About ten years ago, my daughter undertook a gap year where she visited Fiji, New Zealand and Australia. She had been back packing for many months, so on her final leg of her trip which took her to Mumbai, we (my wife and I) booked her into the Holiday Inn Hotel in Mumbai where she would enjoy a bit of luxury by way of a change, and made arrangements to meet her there.
Mumbai is almost certain to be a shock for the first time visitor. It is a city where extremes rub shoulders. We initially felt imprisoned on the fifth or sixth floor of the Holiday Inn because we were somewhat intimidated by the images of poverty visible outside from the hotel widow, just across the road from the hotel entrance. What is more there was a dump heap which seemed to attract human scavengers searching for anything of value though it was difficult to imagine what such a heap could yield. This was in marked contrast to the throng of people who emerged in the evening to walk along the beach which doubled up as a broad promenade. It was quite a charming sight, from our hotel window, to see so many people of all ages strolling so casually, males often walking hand in hand wihout any hint of anything other than brotherly feelings.
Fortunately for us, we discovered that one of our old London friends, Firdous Ali, writer, artist and film maker, was living permanently in one of the hotel suites, and it is not difficult to image our mutual shock and delight to run into each other in the hotel lobby for the first time. Thereafter Mumbai began to open up, and we were able, in the company of Firdous to venture out into the immediate vicinity. We visited a tailor’s establishment and were able to get measured up for suits and dresses for delivery within a week and where I was able to order a new pair of glasses – all at a fraction of London prices. After a spell in Goa, we returned to Mumbai for the last few days of our stay, and by then we were prepared to venture out into the heart of Mumbai without the protective presence of Firdous.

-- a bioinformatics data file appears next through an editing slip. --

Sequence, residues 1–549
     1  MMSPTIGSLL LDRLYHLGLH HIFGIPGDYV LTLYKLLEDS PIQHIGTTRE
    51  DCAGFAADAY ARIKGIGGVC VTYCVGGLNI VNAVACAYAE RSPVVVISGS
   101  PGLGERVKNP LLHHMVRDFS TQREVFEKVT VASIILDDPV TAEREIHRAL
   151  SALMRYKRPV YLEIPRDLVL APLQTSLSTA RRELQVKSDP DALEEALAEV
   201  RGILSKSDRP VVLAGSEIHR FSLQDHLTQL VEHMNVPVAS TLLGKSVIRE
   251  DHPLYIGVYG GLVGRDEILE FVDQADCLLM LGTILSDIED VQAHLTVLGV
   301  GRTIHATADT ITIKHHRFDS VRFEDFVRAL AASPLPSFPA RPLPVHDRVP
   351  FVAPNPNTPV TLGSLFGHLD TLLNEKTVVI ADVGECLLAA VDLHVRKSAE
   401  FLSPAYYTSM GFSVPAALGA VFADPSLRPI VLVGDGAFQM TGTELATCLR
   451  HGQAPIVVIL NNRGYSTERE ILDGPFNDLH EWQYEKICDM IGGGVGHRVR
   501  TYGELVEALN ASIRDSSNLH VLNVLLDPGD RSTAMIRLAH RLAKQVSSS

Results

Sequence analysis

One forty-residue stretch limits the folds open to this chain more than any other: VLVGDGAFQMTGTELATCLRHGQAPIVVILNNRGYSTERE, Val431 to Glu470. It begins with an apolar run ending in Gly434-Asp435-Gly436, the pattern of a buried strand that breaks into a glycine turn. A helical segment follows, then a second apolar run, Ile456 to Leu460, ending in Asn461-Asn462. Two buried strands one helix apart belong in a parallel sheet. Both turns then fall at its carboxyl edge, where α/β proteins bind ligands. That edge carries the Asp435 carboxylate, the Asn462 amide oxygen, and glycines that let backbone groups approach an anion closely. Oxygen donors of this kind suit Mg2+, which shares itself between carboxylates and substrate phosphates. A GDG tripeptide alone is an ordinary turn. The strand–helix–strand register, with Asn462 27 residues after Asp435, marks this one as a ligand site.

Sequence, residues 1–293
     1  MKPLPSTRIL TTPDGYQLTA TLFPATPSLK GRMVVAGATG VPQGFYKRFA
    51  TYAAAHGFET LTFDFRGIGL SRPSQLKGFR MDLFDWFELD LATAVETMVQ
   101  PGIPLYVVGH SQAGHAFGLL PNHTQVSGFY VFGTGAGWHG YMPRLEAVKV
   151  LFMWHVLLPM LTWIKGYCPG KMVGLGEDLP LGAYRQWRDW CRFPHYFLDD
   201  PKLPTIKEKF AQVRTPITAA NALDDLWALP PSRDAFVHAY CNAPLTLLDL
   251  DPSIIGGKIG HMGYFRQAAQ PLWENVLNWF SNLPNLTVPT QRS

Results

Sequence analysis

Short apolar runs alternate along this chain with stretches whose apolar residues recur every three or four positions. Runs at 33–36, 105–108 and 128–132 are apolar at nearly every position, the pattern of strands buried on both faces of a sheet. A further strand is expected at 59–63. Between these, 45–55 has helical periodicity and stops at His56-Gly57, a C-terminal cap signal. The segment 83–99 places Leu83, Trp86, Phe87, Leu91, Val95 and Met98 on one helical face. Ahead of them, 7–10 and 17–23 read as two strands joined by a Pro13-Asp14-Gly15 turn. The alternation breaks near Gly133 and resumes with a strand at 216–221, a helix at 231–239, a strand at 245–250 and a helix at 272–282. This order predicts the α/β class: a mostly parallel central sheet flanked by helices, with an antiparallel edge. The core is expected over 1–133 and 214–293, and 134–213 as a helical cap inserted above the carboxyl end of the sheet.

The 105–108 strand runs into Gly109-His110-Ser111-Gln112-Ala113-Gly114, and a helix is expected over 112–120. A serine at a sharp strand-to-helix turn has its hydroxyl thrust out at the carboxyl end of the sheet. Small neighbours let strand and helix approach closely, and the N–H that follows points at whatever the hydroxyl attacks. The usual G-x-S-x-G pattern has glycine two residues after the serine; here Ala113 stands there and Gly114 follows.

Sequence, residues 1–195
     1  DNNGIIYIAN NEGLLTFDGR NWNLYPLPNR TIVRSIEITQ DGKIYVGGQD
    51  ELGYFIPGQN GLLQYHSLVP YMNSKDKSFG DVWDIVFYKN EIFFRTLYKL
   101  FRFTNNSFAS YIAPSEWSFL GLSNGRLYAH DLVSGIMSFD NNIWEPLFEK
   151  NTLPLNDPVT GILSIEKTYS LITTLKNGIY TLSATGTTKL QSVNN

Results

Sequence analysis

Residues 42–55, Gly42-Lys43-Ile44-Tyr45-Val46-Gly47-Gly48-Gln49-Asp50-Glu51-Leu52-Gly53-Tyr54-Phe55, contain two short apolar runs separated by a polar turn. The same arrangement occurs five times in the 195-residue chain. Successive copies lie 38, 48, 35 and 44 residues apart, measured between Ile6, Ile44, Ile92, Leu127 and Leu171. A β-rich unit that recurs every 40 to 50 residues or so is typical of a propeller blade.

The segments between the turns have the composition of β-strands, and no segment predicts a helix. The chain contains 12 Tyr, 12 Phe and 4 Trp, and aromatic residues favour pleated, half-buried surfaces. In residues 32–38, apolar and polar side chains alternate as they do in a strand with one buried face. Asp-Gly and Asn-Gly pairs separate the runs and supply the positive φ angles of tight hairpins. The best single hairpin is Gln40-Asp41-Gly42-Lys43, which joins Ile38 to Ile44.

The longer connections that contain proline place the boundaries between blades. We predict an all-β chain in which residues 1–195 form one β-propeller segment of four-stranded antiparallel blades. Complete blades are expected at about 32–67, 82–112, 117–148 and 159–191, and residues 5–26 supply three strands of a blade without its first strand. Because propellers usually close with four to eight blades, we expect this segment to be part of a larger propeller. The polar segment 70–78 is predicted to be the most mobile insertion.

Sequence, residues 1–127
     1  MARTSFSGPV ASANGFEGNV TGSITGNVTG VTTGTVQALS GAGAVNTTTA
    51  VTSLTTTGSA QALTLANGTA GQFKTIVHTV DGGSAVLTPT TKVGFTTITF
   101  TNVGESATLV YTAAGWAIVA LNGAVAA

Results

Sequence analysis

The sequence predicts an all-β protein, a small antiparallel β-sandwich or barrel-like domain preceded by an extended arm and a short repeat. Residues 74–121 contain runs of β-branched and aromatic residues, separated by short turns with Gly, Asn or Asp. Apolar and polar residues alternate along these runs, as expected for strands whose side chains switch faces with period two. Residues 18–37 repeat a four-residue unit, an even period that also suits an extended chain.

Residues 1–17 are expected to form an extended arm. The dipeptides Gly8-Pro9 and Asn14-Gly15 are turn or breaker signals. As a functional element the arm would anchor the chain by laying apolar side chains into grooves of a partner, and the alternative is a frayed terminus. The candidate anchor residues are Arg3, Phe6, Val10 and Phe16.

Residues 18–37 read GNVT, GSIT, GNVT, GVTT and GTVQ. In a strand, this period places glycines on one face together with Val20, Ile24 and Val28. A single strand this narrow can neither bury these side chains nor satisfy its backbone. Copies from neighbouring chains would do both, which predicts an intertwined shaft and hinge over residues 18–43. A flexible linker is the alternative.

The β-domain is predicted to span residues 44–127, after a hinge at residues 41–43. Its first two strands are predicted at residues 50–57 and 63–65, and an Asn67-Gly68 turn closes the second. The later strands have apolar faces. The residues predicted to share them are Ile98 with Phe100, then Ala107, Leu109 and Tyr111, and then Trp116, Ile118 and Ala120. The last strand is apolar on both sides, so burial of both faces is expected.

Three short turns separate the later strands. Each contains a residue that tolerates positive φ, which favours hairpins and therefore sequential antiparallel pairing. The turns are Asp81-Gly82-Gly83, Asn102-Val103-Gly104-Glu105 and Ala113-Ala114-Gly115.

The most astonishing feature of Mumbai, I thought, was the sheer crush of people. it is difficult to imagine a city in which people co-exist so peacefully living cheek to jowl. Shop fronts, it appears are at a premium, and are tiny compared to London High streets and a testimony to the hive like commercial activities of its inhabitants. As there is no social security to speak of, it seems to be every man for himself (women are not so high profile in these small establishments) which probably explains the high level of human industry. I don’t recall seeing any evidence of the sort of laddish hanging out at street corners, or bars or outdoor domino playing witnessed in other societies.
The crowds are so dense in places that it is astonishing that everything appears to be so much in harmony. I am reminded of film footage of shoals of fish who move in and out of each others space, even at high speed when pursued by predators, without ever colliding. Traffic lanes, meant for three vehicles abreast will accommodate twice that number, making allowance for bicycles and three wheeled vehicles, not to mention human traffic and even animals, mainly cows who seem to take advantage of their privileged status to roam as and when they like. The overall impression is one of miraculous co-operation resulting in a live and let live philosophy.